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Things in the Depths
The Origins of American Resource Abundance
Geology is destiny.
Thirty years on from Gavin Wright’s seminal paper on “The Origins of American Industrial Success” (1990), the inextricable link between resource abundance and industrialization in the United States is fairly obvious. Coal, petroleum, and iron ore were all increasingly available in vast quantities and at low prices by the early twentieth century, a cornucopia that left its stamp on the character and trajectory of American growth. Alfred Chandler, for example, has documented how the high-throughput mass production system that laid the basis for big business and “managerial capitalism” was built on the availability of natural resources: fuel for the machines, trains, and production lines and minerals for the furnaces and forges. Even high agricultural productivity proved useful as an input for some of the refining and distilling industries, and the resulting Dutch Disease effect on high wages combined with cheap coal to incentivize the adoption of labor-saving technologies. George Otis Smith, director of the US Geological Survey, wrote in 1919 that “the United States is more richly endowed with mineral wealth than any other country” and W. N. Parker (1972) reveled in the “sheer luckiness of the American economy.”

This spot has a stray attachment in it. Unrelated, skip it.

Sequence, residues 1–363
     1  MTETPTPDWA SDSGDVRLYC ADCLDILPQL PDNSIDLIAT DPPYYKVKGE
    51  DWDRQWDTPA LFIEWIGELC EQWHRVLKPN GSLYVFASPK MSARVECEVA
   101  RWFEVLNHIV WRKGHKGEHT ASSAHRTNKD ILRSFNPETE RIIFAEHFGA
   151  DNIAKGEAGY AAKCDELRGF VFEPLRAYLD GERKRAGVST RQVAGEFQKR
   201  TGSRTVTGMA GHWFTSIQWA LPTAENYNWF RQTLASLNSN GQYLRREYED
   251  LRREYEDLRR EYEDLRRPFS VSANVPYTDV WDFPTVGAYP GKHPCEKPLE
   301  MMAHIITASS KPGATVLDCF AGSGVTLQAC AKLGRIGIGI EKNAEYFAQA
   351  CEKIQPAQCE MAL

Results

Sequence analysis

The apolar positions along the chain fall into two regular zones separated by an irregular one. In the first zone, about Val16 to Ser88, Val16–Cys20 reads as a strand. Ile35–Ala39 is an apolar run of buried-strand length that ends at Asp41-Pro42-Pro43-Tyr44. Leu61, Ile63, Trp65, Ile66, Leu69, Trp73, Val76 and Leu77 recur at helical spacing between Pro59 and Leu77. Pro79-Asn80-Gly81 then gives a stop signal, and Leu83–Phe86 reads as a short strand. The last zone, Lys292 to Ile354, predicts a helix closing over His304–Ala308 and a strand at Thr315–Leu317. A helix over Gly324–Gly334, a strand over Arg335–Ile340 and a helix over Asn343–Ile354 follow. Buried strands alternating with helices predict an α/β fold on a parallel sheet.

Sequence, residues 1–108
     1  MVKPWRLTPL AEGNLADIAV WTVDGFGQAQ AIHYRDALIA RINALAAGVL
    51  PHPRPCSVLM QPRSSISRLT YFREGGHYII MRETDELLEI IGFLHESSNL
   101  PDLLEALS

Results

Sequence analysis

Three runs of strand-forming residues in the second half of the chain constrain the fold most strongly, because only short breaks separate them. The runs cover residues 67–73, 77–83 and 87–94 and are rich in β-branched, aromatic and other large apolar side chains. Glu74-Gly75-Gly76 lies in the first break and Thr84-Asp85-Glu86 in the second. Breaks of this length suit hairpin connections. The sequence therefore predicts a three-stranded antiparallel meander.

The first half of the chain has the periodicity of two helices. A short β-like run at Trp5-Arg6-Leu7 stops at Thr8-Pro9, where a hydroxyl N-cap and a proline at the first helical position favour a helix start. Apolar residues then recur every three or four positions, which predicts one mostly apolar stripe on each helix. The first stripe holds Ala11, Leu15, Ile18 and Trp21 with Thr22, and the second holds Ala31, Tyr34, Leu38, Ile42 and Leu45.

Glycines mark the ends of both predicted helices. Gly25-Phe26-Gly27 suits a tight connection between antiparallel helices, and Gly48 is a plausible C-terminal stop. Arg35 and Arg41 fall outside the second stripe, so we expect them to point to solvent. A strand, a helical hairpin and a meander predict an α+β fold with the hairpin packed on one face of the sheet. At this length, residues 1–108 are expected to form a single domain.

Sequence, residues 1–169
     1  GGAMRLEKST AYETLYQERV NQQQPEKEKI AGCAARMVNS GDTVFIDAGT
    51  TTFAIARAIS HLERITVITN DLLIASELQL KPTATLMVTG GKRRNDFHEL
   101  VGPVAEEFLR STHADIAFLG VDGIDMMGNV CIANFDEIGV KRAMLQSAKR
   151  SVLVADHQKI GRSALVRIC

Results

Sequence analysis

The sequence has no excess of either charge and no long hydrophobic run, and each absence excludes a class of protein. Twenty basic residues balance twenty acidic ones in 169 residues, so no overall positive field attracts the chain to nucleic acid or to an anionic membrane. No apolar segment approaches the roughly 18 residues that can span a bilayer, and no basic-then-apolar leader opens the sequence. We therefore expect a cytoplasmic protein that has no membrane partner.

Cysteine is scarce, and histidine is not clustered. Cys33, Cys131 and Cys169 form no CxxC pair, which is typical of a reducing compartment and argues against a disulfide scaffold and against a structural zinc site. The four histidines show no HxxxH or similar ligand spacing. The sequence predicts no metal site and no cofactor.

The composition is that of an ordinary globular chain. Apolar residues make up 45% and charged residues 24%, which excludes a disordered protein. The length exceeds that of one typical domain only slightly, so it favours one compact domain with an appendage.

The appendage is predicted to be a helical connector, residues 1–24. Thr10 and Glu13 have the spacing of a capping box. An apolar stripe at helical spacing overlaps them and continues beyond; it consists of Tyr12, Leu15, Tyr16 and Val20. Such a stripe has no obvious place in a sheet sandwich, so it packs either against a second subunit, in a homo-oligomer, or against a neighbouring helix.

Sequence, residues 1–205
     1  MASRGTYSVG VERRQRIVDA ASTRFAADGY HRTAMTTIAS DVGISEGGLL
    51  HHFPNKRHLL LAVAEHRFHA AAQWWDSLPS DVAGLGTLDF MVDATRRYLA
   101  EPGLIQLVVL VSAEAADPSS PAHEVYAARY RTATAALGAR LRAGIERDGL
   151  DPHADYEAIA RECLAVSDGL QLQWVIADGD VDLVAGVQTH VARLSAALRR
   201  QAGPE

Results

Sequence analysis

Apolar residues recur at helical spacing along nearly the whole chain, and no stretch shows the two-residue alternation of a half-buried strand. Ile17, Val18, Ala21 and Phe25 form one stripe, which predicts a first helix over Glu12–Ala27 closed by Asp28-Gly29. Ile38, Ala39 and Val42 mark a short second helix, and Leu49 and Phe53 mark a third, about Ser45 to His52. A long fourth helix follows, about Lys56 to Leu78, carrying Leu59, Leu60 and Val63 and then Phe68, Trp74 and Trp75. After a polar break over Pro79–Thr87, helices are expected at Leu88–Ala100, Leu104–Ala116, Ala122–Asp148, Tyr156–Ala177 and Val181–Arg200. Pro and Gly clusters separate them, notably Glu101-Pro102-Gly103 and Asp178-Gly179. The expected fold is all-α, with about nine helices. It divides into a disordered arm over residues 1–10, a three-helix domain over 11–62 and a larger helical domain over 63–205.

While the United States was a great producer of mineral wealth at the turn of the twentieth century, she did not hold a monopoly in mortmain. Her staggering shares world of petroleum, copper, and iron ore had fallen from 65, 56, and 36 percent respectively to 3, 16.4, and 10 percent from 1913 to 1989. Most of the decline was purely relative—the result not of depletion but of foreign sources coming online, especially the emergence of the Middle Eastern oil bloc. “Between 1850 and 1950,” as David and Wright (1997) argue, “the USA exploited its resource potential to a far greater extent than other comparable countries.” In all major mineral sectors besides coal, US production shares vastly outstripped those prescribed by endowments alone. She combined a plentiful natural base with a penchant for aggressive, European-style exploration and extraction to assume an unprecedented leadership position in mining and fuel by the turn of the twentieth century.